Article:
Shenzhen-Hong Kong Stock Connect strengthens city’s ‘super-connector’ role, says Chief Executive CY Leung
HKEX chief executive Charles Li Xiaojia says new cross-border trading scheme marks another milestone for mutual market access
The new share trading link between Shenzhen and Hong Kong is being heralded as a milestone that will strengthen Hong Kong’s role as a “super-connector” between China and the world – and the local bourses say there may be more connect schemes to come.
But the fanfare surrounding the launch is yet to translate into all-round success for the scheme, which saw muted trading during its Monday debut, using up only 21 per cent of its daily northbound quota.
When the Shanghai-Hong Kong Stock Connect launched in November 2014, the daily quota of northbound stocks was used up within hours of its opening.
The new Shenzhen connect also failed to bolster the Hang Seng Index, which slipped 0.26 per cent on Monday due to volatility in the overseas markets.
The share trading scheme, which links China’s southern most stock exchange to Hong Kong’s bourse, kicked off with a grand ceremony on Monday morning, attended by nearly 600 guests including government officials, regulators and top executives from the exchange.
Hong Kong’s Chief Executive Leung Chun-ying said the new connect would bring Shenzhen and Hong Kong closer and allow international investors to buy Shenzhen stocks.
“This will strengthen Hong Kong as a super-connector between the world and the mainland,” he said at the ceremony.
“This will also enhance Hong Kong’s role as an offshore yuan trading hub.”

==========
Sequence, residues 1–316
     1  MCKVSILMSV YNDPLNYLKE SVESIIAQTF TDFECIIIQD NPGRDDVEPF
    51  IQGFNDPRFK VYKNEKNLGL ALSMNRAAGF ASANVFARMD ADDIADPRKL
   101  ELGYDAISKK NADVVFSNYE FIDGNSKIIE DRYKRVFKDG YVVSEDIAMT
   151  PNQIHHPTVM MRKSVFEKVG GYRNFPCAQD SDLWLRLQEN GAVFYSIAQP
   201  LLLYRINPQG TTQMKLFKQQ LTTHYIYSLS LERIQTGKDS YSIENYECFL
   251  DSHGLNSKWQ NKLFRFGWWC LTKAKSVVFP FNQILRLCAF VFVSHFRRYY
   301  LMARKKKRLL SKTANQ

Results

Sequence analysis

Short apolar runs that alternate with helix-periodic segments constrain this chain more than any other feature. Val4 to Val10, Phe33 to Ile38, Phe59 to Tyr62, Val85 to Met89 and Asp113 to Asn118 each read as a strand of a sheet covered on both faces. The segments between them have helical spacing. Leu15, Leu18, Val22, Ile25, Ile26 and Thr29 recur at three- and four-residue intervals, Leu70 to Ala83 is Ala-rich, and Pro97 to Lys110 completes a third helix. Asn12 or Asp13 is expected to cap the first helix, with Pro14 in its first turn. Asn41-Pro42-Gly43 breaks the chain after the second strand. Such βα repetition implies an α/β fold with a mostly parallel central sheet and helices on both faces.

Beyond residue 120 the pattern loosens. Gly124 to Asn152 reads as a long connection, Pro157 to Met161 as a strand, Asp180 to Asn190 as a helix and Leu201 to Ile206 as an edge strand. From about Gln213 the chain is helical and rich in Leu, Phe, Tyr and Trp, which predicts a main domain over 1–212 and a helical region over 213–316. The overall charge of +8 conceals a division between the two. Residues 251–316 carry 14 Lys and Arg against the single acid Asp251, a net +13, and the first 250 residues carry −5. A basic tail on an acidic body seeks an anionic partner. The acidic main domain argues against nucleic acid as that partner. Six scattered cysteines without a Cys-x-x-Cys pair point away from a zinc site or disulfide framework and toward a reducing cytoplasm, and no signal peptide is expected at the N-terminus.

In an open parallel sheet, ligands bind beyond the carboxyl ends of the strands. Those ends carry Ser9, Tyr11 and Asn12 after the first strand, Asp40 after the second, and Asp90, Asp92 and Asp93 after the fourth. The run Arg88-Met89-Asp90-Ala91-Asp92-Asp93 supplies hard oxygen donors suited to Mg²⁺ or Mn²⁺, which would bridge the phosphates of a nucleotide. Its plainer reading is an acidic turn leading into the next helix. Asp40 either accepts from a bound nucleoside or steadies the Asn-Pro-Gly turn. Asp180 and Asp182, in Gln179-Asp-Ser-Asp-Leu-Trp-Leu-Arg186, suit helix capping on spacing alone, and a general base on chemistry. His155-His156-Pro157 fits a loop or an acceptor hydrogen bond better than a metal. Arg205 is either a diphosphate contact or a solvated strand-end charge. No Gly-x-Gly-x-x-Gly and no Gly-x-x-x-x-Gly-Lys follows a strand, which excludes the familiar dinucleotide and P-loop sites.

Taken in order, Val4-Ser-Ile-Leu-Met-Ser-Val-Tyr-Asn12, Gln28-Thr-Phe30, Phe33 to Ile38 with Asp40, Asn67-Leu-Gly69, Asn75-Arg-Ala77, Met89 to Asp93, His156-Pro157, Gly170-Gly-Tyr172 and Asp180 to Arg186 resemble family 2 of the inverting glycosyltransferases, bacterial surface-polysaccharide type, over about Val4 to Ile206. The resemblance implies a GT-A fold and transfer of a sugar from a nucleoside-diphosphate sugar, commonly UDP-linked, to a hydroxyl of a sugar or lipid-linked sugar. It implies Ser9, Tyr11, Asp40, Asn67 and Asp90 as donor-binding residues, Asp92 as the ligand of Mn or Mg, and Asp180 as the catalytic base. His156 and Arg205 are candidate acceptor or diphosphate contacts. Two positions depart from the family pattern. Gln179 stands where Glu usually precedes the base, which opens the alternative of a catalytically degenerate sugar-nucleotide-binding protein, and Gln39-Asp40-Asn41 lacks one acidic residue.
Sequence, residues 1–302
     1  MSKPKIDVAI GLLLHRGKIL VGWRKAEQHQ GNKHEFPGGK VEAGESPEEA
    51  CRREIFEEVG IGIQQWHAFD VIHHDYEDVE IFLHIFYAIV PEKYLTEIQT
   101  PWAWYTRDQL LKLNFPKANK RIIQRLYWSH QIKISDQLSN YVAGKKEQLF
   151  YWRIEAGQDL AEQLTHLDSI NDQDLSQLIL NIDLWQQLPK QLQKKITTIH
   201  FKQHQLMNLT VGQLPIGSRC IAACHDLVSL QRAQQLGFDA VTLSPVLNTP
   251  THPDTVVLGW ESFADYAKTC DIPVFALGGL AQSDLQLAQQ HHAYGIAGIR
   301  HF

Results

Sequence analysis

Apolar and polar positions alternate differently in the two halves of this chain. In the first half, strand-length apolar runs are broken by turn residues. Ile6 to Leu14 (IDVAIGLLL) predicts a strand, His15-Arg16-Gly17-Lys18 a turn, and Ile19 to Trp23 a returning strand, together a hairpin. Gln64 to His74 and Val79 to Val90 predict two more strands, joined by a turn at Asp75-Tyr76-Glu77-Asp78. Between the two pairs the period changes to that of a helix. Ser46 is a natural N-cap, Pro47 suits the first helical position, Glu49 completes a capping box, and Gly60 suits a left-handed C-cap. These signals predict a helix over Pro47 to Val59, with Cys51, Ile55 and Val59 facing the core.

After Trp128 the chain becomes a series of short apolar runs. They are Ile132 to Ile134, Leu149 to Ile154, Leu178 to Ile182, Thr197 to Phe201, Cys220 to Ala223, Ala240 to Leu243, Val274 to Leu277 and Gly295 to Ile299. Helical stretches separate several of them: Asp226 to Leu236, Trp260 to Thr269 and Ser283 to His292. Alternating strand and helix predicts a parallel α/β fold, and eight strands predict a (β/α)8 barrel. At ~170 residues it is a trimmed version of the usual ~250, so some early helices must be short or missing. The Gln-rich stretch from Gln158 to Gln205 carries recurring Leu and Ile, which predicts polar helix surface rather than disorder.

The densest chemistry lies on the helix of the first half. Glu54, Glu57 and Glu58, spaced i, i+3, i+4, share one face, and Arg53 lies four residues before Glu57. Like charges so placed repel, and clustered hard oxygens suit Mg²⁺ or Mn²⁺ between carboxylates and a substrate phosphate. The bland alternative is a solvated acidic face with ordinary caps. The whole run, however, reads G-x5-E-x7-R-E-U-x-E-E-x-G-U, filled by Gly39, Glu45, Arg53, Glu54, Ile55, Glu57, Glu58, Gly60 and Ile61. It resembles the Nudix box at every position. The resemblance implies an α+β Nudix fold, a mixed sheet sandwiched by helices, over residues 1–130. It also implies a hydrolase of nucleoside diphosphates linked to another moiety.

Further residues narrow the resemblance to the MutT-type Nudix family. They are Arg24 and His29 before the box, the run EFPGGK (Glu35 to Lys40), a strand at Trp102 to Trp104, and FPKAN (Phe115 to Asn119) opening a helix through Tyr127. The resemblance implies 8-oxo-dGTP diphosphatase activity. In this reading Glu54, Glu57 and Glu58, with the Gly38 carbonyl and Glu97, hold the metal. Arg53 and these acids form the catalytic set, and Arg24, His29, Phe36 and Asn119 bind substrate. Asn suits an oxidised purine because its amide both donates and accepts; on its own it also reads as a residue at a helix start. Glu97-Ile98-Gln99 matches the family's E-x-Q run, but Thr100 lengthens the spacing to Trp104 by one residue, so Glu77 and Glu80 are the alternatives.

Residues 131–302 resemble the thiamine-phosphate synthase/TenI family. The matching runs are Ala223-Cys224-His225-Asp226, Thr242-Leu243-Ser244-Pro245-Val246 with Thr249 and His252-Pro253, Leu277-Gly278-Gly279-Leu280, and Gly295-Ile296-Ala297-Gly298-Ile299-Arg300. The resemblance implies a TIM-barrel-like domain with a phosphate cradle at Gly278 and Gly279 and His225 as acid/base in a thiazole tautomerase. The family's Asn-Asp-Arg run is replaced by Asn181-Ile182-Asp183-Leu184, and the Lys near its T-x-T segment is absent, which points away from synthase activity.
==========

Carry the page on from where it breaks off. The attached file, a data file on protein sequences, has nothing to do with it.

Watch: Hong Kong-Shenzhen share trading link launches
The new connect scheme is another milestone for mutual market access following the Shanghai-Hong Kong Connect’s launch two years ago, Hong Kong Exchanges and Clearing chief executive Charles Li Xiaojia said at the launch ceremony.
“If Shanghai-Hong Kong Stock Connect is a first baby step, the Shenzhen-Hong Kong is the second. Now we can walk, and then we can run,” Li said.
The HKEX would continue to explore new types of connect schemes to develop other new mutual market access points with the mainland markets, the exchange’s chairman Chow Chung Kong said.
“This will give more choices for investors and strengthen Hong Kong as an international financial centre.”
The Shenzhen-Hong Kong Stock Connect allows international investors to trade 881 Shenzhen-listed stocks up to quota of 13 billion yuan a day, while mainlanders will be able to trade 417 Hong Kong-listed stocks, up to a daily quota of 10.5 billion yuan.
The exchange saw 2.67 billion yuan worth of northbound trading from international investors buying Shenzhen stocks and HK$923 million of southbound by mainlanders buy into Hong Kong stocks trades by the end of day.
The levels were much lower than the volumes on the Shanghai-Hong Kong Stock Connect, which saw 6.80 billion yuan in northbound trades and HK$4.43 billion in southbound trades on Monday.
Credit Suisse’s vice chairman and head of equities for Greater China, Nicole Yuen, said the connect was off to a “good start” although it was hardly a “landslide of funds pouring into either markets”.
She expected volumes to pick up in future, and highlighted that the most important aspect was not fund flows, but how the landmark opening allowed international investors to buy into the “new economy of China”.
“We are seeing history being made,” Yuen said.
But she said investment appetite still remains muted due to uncertainties overseas, including the election of Donald Trump, the Italian referendum result and Brexit, which translated into what was a reserved start for the new connect.
The new connect scheme was initially expected to be launched at the end of last year but was postponed after mainland stock markets suffered a harsh sell-off.